If you’re in the market for a home loan, be sure to check out the “comparison rate” as well as the headline interest rate. It could be the key to avoiding a loan that comes stacked with unwanted fees and charges.
Whenever you see a home loan advertised, you’ll see two rates displayed - the headline rate and also a comparison rate (sometimes with “CR” written next to it). This comparison rate is an important piece of information but home buyers don’t always understand what it’s all about.
By way of background, lenders are required by law to advertise both the main interest rate as well as the comparison rate. It’s designed to help consumers make better choices because the comparison rate incorporates the annual interest rate as well as the cost of most upfront and ongoing fees. So it’s a reasonable guide of the true cost of a loan.
Some seemingly cheap home loans – with a lower interest rate – can be laden with fees, which makes them not so cheap at all. The comparison rate reveals this and enables borrowers to compare loans on an apples for apples basis.
To give an example, a $300,000 loan with an annual rate of 4.0% can look very attractive. But if it also comes with upfront fees of $800 and monthly fees of $35, the comparison rate can rise to 4.22%, which is far higher than the headline interest rate.
The downside of the comparison rate is that it is typically based on a $150,000 loan payable over 25 years. It’s unlikely this will match the loan you’re looking for, and the best way around this is to ask lenders for the comparison rate that applies to your level of borrowing.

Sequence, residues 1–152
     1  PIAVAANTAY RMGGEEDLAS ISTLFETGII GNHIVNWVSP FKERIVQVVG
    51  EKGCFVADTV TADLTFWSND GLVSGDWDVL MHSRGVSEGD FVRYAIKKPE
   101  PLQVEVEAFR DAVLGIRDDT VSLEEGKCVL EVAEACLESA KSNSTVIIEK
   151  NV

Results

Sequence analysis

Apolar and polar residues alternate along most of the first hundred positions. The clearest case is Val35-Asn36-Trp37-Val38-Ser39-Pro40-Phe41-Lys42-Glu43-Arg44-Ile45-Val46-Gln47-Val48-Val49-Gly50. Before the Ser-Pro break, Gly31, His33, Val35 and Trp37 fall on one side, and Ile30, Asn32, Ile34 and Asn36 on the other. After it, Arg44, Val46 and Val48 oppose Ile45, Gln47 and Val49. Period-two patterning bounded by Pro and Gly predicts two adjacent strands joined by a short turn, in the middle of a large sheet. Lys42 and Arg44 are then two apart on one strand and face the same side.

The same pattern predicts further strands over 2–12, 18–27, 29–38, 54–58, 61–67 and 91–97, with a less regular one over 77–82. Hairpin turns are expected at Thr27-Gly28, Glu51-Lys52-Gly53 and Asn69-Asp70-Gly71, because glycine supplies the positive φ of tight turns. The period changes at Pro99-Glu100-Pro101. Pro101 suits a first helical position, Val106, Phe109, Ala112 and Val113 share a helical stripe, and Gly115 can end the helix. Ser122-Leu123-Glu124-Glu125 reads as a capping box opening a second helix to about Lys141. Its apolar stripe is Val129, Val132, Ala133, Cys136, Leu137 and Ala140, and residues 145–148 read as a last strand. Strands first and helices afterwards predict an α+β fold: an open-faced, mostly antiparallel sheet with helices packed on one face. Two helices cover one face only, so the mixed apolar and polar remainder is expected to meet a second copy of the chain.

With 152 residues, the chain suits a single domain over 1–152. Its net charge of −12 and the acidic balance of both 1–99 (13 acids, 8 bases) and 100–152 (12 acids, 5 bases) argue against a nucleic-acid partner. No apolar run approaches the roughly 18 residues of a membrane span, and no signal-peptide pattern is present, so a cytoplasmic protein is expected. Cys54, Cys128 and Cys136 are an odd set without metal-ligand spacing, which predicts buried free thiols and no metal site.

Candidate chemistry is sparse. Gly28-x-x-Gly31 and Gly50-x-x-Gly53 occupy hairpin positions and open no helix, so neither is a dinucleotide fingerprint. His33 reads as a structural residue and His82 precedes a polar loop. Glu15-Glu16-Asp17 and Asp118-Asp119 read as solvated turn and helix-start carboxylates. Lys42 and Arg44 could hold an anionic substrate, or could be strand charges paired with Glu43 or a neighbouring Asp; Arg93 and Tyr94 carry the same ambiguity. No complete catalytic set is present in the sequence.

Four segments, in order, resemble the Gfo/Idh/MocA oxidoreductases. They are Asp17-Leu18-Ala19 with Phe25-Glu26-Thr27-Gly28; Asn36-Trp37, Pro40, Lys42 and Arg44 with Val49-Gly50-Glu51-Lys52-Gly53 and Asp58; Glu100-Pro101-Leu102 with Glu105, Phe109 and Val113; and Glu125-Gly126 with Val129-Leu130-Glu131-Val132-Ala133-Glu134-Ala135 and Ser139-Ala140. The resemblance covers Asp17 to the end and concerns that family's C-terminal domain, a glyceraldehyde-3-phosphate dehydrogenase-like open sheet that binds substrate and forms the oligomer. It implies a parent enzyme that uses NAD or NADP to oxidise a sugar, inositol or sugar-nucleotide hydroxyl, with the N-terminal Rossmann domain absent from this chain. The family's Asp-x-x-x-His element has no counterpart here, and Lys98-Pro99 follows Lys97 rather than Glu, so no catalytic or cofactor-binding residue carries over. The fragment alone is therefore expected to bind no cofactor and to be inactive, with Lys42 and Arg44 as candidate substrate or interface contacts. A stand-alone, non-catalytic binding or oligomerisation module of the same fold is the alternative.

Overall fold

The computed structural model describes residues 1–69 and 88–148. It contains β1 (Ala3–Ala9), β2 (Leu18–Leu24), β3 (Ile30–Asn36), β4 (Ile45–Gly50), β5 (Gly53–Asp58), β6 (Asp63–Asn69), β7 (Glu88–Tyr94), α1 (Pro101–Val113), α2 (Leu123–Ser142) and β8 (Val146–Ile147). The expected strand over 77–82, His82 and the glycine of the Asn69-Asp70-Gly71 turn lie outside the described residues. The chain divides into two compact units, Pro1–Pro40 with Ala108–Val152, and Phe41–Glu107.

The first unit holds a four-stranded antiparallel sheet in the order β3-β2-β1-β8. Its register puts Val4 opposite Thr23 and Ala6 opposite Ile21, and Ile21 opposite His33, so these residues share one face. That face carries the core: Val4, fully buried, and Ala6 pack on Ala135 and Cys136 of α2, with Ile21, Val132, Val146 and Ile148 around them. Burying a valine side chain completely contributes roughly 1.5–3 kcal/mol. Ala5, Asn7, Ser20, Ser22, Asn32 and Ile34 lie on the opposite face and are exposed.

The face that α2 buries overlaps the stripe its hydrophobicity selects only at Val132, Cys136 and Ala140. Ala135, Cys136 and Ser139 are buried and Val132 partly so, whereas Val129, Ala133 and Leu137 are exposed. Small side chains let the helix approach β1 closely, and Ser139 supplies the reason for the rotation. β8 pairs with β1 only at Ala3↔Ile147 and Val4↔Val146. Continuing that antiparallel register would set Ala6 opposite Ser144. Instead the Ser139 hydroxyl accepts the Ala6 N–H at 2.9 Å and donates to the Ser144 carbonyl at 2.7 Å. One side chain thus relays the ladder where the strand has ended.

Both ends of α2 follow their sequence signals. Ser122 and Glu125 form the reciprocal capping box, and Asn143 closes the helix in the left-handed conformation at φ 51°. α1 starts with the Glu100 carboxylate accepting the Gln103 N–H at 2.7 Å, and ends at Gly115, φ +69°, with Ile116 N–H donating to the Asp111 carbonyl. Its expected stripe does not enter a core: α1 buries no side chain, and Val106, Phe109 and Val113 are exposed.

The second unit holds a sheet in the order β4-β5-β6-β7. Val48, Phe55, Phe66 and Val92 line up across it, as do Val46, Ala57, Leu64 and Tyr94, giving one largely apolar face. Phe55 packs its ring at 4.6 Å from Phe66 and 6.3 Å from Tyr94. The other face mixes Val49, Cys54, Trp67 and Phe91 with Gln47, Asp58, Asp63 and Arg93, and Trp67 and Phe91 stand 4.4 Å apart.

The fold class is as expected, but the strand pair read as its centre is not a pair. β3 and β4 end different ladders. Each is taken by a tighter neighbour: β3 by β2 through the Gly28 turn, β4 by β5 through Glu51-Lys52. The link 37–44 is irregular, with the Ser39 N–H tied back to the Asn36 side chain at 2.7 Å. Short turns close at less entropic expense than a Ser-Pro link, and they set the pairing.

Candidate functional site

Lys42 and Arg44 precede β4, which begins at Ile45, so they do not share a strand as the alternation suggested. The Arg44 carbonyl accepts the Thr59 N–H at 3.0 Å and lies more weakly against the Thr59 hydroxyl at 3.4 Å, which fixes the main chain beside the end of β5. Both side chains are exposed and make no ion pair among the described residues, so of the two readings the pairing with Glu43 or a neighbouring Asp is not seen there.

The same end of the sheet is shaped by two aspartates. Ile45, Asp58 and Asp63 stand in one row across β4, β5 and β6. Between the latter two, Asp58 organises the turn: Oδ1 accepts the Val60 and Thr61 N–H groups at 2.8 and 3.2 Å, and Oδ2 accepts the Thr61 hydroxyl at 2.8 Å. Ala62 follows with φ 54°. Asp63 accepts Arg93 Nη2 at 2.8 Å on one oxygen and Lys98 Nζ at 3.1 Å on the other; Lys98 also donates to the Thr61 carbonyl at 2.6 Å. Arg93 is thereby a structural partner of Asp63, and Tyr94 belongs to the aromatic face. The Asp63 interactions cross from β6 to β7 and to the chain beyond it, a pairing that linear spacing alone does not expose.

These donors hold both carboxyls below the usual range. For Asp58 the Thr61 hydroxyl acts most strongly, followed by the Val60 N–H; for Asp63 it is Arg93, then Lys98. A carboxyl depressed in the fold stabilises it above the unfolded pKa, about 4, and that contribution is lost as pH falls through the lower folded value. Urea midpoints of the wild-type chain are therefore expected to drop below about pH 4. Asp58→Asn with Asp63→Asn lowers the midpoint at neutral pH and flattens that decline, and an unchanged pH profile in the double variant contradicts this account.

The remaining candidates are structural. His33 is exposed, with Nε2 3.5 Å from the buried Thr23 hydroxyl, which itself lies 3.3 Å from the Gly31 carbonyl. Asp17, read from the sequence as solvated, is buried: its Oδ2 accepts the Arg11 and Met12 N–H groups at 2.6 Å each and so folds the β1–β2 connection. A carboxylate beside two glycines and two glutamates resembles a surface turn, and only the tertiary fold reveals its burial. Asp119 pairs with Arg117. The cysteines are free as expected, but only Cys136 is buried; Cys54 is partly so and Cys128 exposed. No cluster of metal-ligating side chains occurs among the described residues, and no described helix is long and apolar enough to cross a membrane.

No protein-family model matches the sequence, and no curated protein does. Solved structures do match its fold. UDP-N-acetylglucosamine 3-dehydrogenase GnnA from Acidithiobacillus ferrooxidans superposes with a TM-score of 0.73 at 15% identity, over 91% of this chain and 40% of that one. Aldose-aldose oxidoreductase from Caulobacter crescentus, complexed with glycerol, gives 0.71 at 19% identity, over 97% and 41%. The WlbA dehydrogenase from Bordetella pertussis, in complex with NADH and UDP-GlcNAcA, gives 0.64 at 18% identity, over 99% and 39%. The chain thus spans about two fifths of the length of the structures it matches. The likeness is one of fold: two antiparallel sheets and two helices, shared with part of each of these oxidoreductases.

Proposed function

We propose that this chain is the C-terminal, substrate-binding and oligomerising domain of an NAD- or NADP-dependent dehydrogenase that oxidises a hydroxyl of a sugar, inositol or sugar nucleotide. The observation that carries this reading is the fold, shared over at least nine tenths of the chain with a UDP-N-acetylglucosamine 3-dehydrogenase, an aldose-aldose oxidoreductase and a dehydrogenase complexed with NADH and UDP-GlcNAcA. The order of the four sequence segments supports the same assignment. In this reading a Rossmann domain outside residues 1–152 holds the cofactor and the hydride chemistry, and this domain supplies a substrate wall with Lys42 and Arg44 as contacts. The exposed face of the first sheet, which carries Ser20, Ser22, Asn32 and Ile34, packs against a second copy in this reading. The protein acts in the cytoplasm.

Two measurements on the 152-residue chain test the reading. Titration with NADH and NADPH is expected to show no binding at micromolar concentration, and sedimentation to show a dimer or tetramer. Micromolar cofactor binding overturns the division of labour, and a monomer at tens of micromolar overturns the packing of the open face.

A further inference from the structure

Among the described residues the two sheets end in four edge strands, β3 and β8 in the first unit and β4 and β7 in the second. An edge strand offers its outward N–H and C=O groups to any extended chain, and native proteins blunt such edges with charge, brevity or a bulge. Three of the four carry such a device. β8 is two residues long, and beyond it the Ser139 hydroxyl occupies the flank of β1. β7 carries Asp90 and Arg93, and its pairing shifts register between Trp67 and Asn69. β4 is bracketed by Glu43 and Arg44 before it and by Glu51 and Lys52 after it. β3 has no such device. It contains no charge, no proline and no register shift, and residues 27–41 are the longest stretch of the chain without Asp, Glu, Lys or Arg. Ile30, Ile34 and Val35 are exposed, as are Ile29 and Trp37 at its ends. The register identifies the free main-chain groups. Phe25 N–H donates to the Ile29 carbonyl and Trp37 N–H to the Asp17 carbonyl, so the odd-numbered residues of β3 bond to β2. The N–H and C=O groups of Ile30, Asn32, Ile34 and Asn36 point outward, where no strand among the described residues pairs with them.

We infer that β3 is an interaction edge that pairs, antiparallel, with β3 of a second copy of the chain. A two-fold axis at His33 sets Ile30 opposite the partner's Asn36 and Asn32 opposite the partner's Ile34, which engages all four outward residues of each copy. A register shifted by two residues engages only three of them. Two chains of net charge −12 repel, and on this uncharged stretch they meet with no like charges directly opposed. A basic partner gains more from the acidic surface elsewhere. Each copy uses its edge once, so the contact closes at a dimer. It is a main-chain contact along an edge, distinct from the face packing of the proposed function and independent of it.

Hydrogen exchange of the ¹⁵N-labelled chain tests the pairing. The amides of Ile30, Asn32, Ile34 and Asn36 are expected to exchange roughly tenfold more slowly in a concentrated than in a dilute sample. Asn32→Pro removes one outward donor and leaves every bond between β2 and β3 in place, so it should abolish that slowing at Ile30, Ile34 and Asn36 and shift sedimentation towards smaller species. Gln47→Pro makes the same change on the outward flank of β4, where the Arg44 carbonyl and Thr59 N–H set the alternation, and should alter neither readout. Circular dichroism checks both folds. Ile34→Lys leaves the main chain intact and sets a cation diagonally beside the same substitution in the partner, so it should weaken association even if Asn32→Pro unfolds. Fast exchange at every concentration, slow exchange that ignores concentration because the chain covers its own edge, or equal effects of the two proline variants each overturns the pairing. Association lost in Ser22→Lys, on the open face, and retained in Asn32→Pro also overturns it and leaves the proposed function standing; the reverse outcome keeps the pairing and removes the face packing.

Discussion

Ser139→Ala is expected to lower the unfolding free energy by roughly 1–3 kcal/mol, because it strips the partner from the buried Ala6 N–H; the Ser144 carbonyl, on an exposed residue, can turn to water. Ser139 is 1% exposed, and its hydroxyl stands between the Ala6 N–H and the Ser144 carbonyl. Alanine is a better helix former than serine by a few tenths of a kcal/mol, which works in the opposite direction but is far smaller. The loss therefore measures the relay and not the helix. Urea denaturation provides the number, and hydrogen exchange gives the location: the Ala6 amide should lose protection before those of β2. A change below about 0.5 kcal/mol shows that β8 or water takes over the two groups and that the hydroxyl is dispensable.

While it always makes financial sense to save with a low rate, bear in mind that getting value on your home loan isn’t just restricted to the rate you pay. Loan features play a valuable role too.
In particular, look for a home loan that allows fee-free extra repayments. Virtually all variable rate loans on the market offer this but do check. Some fixed rate loans even permit extra repayments up to a certain value annually.
This is something to look for as extra repayments are essential in reducing your overall interest bill and farewelling the mortgage sooner. Best of all, even small additional repayments can be highly effective in cutting years and potentially thousands of dollars from the cost of your home loan.
Paul Clitheroe is a founding director of financial planning firm ipac, Chairman of the Australian Government Financial Literacy Board and chief commentator for Money Magazine.
If you can’t decide between a fixed or variable rate, a split rate home loan could provide the best of both worlds.